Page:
— My bio: Teacher, designer, and one-time stuntman (don’t ask), Christopher Ruz is a rabid fan of fantasy, science fiction, body horror and crime thrillers. Born in Hong Kong to well-travelled parents, Ruz was fortunate enough to live in South Africa and Vienna before returning to live and work in Australia. His love of dark fiction began when a worn copy of Pet Semetary caught his eye at a local flea market. He bought it with his pocket money and hid it under his bed so his parents wouldn’t see. He was eight years old, and has been a little odd ever since.
Ruz can also do twelve chinups. Neat!
His best known works are The Ragged Blade (Parvus Press, 2019) and his ongoing horror series Rust. Meanwhile, he publishes the Olesia Anderson series of pulpy spy novellas under the pseudonym D.D. Marks. He has sold stories to Andromeda Spaceways and Apollo’s Daughters, has beaten the grueling Immerse or Die challenge twice, and was a finalist in the 2017 Aurealis Awards. When not writing, Ruz teaches art and design at a west-Melbourne high school and works at boardgame conventions across Australia.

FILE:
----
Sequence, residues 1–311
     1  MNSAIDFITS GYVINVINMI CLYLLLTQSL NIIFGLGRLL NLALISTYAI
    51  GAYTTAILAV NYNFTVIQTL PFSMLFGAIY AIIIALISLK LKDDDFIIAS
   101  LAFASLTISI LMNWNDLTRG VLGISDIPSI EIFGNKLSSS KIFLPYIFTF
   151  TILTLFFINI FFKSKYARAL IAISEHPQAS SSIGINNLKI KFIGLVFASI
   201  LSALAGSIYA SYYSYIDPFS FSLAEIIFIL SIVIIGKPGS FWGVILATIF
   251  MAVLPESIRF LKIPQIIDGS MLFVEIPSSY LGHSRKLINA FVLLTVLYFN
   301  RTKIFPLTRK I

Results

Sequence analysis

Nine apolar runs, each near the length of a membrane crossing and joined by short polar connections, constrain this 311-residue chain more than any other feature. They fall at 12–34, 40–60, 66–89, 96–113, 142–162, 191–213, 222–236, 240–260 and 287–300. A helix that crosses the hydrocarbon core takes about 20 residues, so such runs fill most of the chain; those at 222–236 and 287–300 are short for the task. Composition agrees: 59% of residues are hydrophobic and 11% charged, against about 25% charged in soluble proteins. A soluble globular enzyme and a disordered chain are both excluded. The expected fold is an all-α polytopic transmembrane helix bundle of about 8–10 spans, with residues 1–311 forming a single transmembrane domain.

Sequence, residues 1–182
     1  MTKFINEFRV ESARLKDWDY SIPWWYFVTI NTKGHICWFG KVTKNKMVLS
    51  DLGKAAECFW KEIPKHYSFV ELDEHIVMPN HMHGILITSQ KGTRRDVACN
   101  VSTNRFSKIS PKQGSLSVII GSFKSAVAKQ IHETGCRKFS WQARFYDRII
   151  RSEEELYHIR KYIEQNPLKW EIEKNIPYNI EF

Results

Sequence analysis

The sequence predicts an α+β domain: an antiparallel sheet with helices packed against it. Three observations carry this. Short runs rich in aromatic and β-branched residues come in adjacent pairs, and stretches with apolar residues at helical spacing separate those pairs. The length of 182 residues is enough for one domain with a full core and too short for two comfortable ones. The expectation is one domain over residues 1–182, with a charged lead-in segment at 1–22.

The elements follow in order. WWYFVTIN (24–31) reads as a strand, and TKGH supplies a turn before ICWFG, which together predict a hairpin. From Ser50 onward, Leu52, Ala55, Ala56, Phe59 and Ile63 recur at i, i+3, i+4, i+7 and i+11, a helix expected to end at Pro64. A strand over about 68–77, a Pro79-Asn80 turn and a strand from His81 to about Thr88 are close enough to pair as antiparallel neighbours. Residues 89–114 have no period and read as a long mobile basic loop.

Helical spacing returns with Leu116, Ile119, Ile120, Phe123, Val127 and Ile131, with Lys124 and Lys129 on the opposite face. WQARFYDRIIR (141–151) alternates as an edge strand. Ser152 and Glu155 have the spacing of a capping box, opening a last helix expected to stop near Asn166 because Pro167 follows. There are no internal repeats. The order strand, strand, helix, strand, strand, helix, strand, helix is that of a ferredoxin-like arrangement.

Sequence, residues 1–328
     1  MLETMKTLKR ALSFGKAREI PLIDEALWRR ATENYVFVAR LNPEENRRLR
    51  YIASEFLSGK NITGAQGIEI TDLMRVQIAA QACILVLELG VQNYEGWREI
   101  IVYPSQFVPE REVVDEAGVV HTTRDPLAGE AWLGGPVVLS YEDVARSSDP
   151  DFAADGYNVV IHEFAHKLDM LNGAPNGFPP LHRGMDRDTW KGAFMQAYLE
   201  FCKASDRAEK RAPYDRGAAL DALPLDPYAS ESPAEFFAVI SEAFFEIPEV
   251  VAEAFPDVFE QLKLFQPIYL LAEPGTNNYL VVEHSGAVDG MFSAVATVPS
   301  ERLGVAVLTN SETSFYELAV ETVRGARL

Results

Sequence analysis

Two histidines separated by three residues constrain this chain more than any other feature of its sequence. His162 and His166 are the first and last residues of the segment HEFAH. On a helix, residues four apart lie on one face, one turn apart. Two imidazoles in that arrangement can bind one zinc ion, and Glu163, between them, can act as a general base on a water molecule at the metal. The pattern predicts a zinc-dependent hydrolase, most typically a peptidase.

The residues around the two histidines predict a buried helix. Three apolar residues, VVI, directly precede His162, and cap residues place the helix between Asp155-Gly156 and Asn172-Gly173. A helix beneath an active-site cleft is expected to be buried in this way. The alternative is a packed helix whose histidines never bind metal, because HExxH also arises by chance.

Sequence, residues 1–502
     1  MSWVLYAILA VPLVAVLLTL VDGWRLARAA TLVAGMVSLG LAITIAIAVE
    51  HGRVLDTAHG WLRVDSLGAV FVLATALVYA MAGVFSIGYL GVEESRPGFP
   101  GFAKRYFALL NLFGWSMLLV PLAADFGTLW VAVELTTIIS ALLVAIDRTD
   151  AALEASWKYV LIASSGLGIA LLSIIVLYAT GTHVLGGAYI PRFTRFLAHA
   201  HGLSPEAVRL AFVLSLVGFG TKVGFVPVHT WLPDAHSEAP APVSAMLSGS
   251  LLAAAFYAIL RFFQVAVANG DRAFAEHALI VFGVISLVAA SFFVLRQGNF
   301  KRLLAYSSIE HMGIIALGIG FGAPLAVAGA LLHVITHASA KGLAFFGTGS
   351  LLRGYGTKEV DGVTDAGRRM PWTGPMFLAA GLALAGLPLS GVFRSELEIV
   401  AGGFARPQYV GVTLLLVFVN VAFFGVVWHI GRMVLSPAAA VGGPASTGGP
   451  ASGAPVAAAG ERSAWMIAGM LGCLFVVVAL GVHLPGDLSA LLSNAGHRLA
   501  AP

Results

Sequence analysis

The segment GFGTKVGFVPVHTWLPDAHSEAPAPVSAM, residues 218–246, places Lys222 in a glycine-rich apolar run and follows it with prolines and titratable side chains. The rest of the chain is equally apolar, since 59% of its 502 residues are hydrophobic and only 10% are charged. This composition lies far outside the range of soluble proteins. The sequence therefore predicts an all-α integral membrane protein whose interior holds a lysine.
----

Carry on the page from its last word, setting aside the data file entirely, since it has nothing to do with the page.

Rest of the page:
Okay, so let’s say you’ve read and applied the previous posts, you’ve started something and you had momentum for a while. But then something came up – maybe a cool new TV show was released and you’ve marathoned that for days. Or maybe you got sick or work got intense and you haven’t had the headspace to write.
It happens to everyone.
I find around the 8 – 10 thousand word mark I often trail off and think about a new, more exciting project I could be working on. I’ll can always come back to this one later, right?
How do you keep with the same thing?
Honestly? you just have to be super strict on yourself. There’s always going to be a time when you struggle to motivate. You have to find what motivates you. Here’s some ideas, but you have to find your own golden ticket…